On to the plan for On2

Wondering why Google bought On2, the Clifton Park company that makes video compression software? NewTeeVee reports that Google plans to open-source a key video codec (a method for compressing video) developed by On2. The codec could be used to play video on the web without Flash (when you use YouTube, you're using Flash). Also, guess which device doesn't support Flash? The iPad. [via Waxy]


Lost in this discussion in Vorbis, a patent-unencumbered audio codec that's the equal of MP3 in every way. Everybody listens to MP3-encoded audio all the time, but they don't know that MP3 is only free-to-listen because the Fraunhofer Society has so far chosen not to charge for decode (decode == listening). On the day it chooses otherwise, maybe tomorrow, you'll owe a royalty to play your MP3s. On that day, you'll wish your songs were in Vorbis.

Fraunhofer's strategy not to charge consumers -- only producers, and then only rich ones -- is not altruism nor accident: it proliferated the format to ubiquity, as planned, by design. And there was no need. Vorbis was available all along. But that's how things happened.

There's a lesson in there somewhere.


My know-it-all friends (the best kind to have, actually) remind me to make clear that MP3 decode is not unlicensed. Plenty of MP3 decode (playback) licenses are purchased every day -- just not by consumers, not directly.

I should have said that there's an end-user (that's you) perception that purchased MP3s (or those ripped from a purchased CD, or purely created by you) are yours to consume as you like, period. It's true that you own the files. But because they're MP3 encoded, you may only play them on a licensed device.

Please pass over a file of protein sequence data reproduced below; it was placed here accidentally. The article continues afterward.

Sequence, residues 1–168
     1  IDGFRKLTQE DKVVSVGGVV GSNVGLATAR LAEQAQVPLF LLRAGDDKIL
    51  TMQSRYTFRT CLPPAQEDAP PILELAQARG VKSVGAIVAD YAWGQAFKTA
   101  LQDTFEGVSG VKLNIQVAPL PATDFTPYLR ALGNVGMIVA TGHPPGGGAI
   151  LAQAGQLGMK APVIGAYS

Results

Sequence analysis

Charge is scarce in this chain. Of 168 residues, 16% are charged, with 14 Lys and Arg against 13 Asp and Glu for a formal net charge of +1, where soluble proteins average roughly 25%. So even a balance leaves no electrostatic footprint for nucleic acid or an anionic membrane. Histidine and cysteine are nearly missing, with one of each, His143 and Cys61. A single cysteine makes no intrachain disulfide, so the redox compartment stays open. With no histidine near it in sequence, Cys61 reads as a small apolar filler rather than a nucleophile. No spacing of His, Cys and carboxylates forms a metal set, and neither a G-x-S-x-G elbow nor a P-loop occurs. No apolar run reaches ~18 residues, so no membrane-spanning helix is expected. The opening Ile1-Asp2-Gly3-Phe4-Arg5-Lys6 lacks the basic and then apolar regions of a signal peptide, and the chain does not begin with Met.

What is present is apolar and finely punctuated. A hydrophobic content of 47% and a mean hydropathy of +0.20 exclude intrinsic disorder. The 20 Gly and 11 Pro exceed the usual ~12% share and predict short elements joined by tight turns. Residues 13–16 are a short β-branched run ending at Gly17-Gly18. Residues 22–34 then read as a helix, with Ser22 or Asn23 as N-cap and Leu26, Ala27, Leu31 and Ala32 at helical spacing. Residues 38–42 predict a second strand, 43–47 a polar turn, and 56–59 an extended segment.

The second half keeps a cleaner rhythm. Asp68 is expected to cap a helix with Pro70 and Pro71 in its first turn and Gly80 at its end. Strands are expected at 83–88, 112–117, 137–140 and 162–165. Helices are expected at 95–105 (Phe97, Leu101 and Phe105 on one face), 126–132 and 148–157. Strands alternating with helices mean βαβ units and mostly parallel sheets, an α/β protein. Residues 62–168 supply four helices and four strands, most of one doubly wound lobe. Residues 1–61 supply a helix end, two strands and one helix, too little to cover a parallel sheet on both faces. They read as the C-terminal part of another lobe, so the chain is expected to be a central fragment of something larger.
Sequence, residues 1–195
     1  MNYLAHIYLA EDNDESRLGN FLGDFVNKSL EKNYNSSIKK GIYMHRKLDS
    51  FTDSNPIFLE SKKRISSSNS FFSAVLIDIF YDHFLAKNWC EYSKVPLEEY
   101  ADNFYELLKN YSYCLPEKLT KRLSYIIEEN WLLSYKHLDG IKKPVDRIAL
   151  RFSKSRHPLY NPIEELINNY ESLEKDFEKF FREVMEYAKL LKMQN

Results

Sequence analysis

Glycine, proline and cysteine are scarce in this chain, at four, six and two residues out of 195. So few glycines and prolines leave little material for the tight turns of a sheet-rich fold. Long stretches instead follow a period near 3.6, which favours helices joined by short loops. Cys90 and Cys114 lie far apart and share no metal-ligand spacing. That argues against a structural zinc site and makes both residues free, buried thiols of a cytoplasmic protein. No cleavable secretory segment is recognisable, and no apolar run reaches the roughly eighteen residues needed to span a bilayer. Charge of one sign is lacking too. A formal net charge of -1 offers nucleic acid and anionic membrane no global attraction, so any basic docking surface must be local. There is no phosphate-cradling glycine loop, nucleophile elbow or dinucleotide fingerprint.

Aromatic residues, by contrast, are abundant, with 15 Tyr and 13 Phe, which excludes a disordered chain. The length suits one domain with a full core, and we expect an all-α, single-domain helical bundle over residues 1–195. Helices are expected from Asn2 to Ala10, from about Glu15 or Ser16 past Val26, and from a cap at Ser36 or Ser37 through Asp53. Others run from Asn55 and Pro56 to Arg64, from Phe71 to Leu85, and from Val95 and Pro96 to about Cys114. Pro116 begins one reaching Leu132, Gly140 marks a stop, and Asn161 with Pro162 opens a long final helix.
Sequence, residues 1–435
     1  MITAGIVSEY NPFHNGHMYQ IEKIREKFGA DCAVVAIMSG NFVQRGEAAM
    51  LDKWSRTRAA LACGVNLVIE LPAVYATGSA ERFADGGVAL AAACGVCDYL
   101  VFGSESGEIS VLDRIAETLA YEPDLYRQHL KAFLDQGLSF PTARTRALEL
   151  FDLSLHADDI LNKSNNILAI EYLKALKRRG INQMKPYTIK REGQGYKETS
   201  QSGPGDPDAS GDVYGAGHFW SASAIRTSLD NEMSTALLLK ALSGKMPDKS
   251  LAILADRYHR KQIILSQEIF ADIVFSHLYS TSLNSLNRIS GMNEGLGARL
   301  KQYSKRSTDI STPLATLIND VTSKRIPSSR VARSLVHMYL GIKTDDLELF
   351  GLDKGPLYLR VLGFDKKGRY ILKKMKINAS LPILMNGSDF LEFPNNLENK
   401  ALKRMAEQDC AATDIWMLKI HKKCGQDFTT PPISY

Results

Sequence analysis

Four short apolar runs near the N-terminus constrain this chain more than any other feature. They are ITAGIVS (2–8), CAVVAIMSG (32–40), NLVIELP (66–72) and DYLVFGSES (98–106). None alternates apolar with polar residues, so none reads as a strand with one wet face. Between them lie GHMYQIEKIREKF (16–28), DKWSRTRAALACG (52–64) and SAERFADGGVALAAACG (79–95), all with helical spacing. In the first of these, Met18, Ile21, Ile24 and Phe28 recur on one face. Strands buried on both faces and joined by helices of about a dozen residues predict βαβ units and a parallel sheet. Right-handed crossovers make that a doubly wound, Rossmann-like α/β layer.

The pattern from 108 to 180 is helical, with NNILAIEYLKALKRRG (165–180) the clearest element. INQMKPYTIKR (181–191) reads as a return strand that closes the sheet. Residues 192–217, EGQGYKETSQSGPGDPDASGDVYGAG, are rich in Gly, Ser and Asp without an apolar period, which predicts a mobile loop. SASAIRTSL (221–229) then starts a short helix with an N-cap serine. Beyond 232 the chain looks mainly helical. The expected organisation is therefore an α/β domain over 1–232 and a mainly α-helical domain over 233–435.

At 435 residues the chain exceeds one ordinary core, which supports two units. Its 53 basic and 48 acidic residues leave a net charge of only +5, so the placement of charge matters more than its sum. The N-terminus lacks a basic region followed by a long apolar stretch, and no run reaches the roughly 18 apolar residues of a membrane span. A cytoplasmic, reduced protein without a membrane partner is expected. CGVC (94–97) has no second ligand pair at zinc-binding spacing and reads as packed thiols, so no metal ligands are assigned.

Example: Apple pays $X per unit so that you can play MP3s on your iPod, and obviously the iPod purchase price underwrites this. If you choose to play them on another device or in a completely different way, Apple's not involved in that, and it's up to you to ensure that you have the right to do so. Your license to decode MP3 data attaches to the iPod, not to you, and not to your files.

All this nonsense goes away with Vorbis. As we proliferate more kinds of media, it's important to weight the costs and benefits of allowing a patent-encumbered format to dominate.

Point here is that folks already think their audio data is "... living in a nice, long-lived, non-proprietary data format that isn’t anyone's competitive weapon." With MP3, they're wrong.


ps. Copyright on content is a different, unrelated subject. Still have to pay the band.

Done. Google announced WebM, which includes VP8, now open-sourced (BSD, thank god) and Vorbis.

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